What’s in a Geek-Off?

Everybody knows the answer is 'Batman'. If it weren't the answer, geeks would have to concede that brawn beats brains.

Everybody knows the answer is ‘Batman’. If it weren’t the answer, geeks would have to concede that brawn beats brains.

The comic book store argument is a staple of the geek subculture. You’ve seen it on The Big Bang Theory dozens of times: Sheldon, Raj, Howard, and Leonard sitting around their living room, arguing until they’re blue in the face over whether Thor’s Hammer can penetrate Cap’s Shield, or what the difference is (or ought to be) between zombies and mummies. As much as I gripe sometimes of the stereotyping of geekdom by that show, I do have to admit in that one respect they are generally spot-on. It is a thing. It happens all the time.

But what is the point? They aren’t real, so why bother?

Why do I bother critiquing things like zombies, giant robots, and mermaids? As one (unusually offended) commenter asked:

Do you go around telling kids there’s no Santa Clause [sic], too?

Let’s ignore the spelling error for a moment and take for granted that the commenter in question is not referring to the Tim Allen film franchise, both loved and admired by all humanity (he gets fat by magic – comedy gold!). Let’s engage the essence of the critique here: why ruin all the fun? It’s a worthwhile question, and it does deserve an answer.

Geeks have these conversations because they are fun. They are fun in the same way that analyzing literature is fun, or critiquing the fashion choices on the red carpet is fun, or really any act where you pass judgment on something is fun. It isn’t just geeks who do this – we all do this. Having opinions and backing them up with arguments is part of the deal with being able to think. Can such arguments go off the rails? Sure they can. Conflicting opinions can often be confused with personal rancor, feelings can get hurt, and all enjoyment can get sucked away by some guy crossing the line. Most of the time, though, this doesn’t happen.

Part of what makes these geek conversations unique is the fact that their subject matter is often entirely fictional. There is no empirical definition for the weight of Thor’s Hammer, only what can be inferred by circumstance. I once had an argument with a guy about how lightsaber duels weren’t reflective of what a duel with a plasma sword would really look like. My critique was oriented around the supposition that the plasma wouldn’t have the same mass that the sabers seemed to when fighting – less mass means less inertia, which means a whole different set of fighting techniques become possible, thus changing the duel. His argument was that we had no way of knowing how densely packed the plasma was in the blade, therefore it may have the same mass as a lightweight sword of the same length. I came back by citing the conservation of mass – if the plasma had that much mass, where did it go when the blade retracted? Lightsaber hilts do not get visibly heavier when shut off, therefore…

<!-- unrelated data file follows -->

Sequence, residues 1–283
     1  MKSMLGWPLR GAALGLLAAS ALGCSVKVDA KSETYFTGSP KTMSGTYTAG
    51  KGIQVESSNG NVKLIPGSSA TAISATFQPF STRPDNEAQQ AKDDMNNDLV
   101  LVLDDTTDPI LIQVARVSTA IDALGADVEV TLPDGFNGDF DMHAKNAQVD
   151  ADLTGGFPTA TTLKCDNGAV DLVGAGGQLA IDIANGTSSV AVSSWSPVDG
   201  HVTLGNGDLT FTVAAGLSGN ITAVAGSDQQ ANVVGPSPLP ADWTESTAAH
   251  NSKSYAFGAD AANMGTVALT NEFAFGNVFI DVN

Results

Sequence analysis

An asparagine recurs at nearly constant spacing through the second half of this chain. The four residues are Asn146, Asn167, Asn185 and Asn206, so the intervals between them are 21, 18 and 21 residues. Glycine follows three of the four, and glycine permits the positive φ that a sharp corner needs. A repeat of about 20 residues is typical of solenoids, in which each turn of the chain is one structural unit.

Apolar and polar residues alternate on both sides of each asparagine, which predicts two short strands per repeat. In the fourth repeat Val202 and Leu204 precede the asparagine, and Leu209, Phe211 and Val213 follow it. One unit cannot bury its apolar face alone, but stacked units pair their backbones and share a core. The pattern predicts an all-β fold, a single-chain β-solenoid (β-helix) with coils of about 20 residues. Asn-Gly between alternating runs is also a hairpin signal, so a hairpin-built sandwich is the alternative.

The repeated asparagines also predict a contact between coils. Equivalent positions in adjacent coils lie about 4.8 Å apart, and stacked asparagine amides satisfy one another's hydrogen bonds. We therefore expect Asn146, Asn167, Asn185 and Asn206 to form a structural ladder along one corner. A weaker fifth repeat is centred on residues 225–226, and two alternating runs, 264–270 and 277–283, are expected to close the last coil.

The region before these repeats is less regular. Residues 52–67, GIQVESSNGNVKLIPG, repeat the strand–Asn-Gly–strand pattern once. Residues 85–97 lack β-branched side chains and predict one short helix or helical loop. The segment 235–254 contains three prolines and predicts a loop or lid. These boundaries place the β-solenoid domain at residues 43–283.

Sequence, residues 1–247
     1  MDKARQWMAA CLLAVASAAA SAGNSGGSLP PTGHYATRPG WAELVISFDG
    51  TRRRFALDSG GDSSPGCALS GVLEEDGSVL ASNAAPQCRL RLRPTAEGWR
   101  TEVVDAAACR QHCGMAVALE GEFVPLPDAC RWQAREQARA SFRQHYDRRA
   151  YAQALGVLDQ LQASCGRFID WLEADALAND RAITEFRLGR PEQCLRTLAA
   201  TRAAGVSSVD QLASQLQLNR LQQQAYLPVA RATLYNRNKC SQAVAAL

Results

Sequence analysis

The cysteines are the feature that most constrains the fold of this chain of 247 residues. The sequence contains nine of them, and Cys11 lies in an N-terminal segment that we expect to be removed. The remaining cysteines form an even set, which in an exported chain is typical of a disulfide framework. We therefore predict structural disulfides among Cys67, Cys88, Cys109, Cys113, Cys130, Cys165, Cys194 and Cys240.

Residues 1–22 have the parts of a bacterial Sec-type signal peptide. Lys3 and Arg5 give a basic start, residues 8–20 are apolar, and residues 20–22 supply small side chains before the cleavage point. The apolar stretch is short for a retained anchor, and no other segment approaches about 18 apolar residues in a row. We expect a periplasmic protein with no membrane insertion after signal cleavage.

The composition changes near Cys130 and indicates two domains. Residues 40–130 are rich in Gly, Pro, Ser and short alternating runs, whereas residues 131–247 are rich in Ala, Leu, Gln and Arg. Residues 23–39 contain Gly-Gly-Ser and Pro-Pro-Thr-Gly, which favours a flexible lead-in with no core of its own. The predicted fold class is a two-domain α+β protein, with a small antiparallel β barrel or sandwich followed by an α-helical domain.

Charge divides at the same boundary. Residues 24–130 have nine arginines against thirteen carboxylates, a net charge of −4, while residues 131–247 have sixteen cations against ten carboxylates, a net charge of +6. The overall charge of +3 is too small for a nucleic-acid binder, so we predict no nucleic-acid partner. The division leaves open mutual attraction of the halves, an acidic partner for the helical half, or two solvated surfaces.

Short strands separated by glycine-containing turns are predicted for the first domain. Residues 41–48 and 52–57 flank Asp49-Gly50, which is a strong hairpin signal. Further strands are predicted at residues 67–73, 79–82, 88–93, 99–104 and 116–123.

You get the idea.

These conversations are often fun. They ask us to think and analyze what we observe and to draw conclusions from it. This is how human beings learn. This is how we adapt and change. If nobody asked such questions, nothing new would happen. Now, granted, science fiction and fantasy franchises aren’t the most important thing in the world to debate, but to equate critiquing their conventions with ruining Santa Claus for little kids is unfair. For one thing, that implies that scifi/fantasy is only for children, which I object to in the most strenuous terms possible (I mean, have you even read Freud or Jung?). For another, that suggests that we are having this conversation for the express purpose of ruining something for someone else. Not true. We’re trying to change it, in our small way. We’re trying to say it can be better. We try not to have these arguments with people who don’t care or don’t want to hear them (at least the more socially facile of us do) – the last thing a geek really wants to do is ruin somebody’s fun. If you like the old thing, well fine – opinions differ. If you have such a problem with my disagreement, offer me a robust defense. Debate it.

It should be fun.

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About aahabershaw

Writer, teacher, gaming enthusiast, and storyteller. I write stories, novels, and occasional rants.

Posted on November 13, 2013, in Critiques, Theories, and Random Thoughts and tagged , , , , , , , . Bookmark the permalink. 1 Comment.

  1. I find the most glaring point which generates these sort of discussions amongst geeks is when someone has their suspension of disbelief rubbed the wrong way. Suspension of disbelief is mad important and if it gets ruined it can sort of ruin the whole thing for the one trying to be entertained, it is also like an old scab that you return to pick at in some hope that beneath the scar tissue there is actually some sensible stuff or you just do it for the good feeling you get from scratching at the itch.

    As for the actual phenomena, I feel that the actual joy comes from the debates and arguments as well as the mere fact that you are criticising something; it is very interesting to hear different interpretations and the fact that you have to make arguments for your own stand point means that you often find yourself deepening your understanding of the background at hand, often finding interesting and wonderfully weird link-ups between widely different sources (which most likely have absolutely nothing to do with each other or any active thought by their creators) which you can mangle together into an argument. Basically it is an interesting way to explore a franchise and the tapestry it tries to create.

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